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Morocco earthquake rescue teams step up search for survivors



A devastated woman lies in front of rubble in central Morocco/AFP

A devastated woman lies in front of rubble in central Morocco/AFP

Rescue teams on Wednesday stepped up efforts to assist Moroccan mountain villages devastated by a violent earthquake that killed more than 2,900 people, but five days after the disaster, hopes of finding survivors look increasingly dim. It’s coming.

The latest official report said 5,530 people were also injured in the quake, which struck the High Atlas Mountains region southwest of the tourist city of Marrakech (centre) on Friday night.

Faced with the scale of the damage, Morocco accepted aid from Spain, the United Kingdom, Qatar and the United Arab Emirates, and sent search and rescue teams to the kingdom.

The Red Cross has requested more than $100 million to address the most pressing needs, including health, water, sanitation and hygiene, after unlocking the first emergency fund.

The quake wreaked havoc in hard-to-reach mountain towns, including Inehede, where 11 of its 200 residents died.

“We lost everything,” said farmer Mohammed al-Mutawak, 56.

In Amizmiz, a town an hour southwest of Marrakech, a group of soldiers distributed tents to residents stranded on the streets.

“All I want is a place to live, a place fit for human beings,” said Fatima Umarul, a 59-year-old resident.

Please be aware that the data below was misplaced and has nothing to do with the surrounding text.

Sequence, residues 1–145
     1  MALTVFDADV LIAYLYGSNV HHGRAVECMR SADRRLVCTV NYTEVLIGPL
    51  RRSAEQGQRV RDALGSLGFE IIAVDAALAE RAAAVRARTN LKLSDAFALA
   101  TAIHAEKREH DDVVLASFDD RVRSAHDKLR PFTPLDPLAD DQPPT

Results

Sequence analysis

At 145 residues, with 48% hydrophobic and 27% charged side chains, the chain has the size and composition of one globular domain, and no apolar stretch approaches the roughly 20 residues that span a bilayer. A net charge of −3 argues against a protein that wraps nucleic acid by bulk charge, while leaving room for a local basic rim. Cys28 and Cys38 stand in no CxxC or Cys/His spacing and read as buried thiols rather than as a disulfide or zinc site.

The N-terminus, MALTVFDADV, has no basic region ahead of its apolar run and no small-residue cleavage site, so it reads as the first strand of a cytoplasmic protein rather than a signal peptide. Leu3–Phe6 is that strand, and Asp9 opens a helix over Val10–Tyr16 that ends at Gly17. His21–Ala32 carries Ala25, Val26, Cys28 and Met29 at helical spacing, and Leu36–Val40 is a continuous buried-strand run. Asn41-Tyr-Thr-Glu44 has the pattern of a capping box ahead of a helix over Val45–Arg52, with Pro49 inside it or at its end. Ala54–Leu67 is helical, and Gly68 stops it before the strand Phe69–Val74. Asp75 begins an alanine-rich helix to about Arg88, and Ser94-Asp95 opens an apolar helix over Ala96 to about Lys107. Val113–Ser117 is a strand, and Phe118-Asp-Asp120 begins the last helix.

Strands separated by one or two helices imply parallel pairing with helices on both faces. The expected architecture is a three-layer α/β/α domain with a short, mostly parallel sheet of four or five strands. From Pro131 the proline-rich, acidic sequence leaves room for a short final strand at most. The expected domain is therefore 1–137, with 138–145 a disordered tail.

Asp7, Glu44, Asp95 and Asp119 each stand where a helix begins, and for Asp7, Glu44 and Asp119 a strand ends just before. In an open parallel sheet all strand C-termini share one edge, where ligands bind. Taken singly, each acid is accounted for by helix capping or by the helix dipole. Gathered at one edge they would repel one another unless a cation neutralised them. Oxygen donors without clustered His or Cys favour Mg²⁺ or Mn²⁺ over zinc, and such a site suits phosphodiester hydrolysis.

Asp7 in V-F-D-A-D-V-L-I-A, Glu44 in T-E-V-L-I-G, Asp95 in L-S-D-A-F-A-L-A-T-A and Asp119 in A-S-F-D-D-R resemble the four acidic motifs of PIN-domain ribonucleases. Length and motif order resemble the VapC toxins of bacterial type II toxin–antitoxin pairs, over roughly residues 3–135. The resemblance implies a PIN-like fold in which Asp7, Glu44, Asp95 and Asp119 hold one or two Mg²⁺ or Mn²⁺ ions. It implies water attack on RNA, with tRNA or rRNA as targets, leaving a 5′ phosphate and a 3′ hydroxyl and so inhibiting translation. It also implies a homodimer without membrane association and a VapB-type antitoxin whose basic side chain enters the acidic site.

row of tents

Three relief stations have been set up in Taroudant (southwest), where food, blankets and mattresses are being sent by road or helicopter, depending on road conditions.

Captain Fahas Abdullah Al Dosanri of the Qatar Fire Brigade explained that they were intervening in many locations “that vehicles cannot reach.”

In the town of Tikt, where about 60 people died, residents received aid such as baby diapers.

Despite the help, the survivors worry about their immediate fate and fear the rain.

“The authorities didn’t tell us anything about it,” says an indignant Afura Fujia from the village of Tikto. “It’s going to start raining soon, it’s going to get cold, and there are a lot of kids here,” he added.

Moroccan government secretary Aziz Akhanoush vowed on Monday that those who lost their homes would be compensated.

Moroccan forces have set up field hospitals to treat the wounded in isolated areas, including the hard-hit town of Asni in Al-Houz province, just over an hour from Marrakech.

Ministry officials told AFP that teams from the Ministry of Equipment continued work on Wednesday to reopen roads leading to small mountain towns in the province.

“We have cleared roads leading to Igil city, the epicenter of the earthquake, and the nearby city of Agbar,” he said.

The earthquake had a magnitude of 7, according to the Moroccan Center for Scientific and Technical Research, and 6.8, according to the U.S. Geological Service.

It is the most powerful ever measured in the kingdom and the deadliest in the kingdom for over 60 years.

Pope Francis, who visited Morocco in 2019, said on Wednesday that his thoughts were with the “noble Moroccan people.”

“We pray for Morocco and we pray for its people. May the Lord give them the strength to recover,” the Argentine pope said.

Source: Diario.Elmundo

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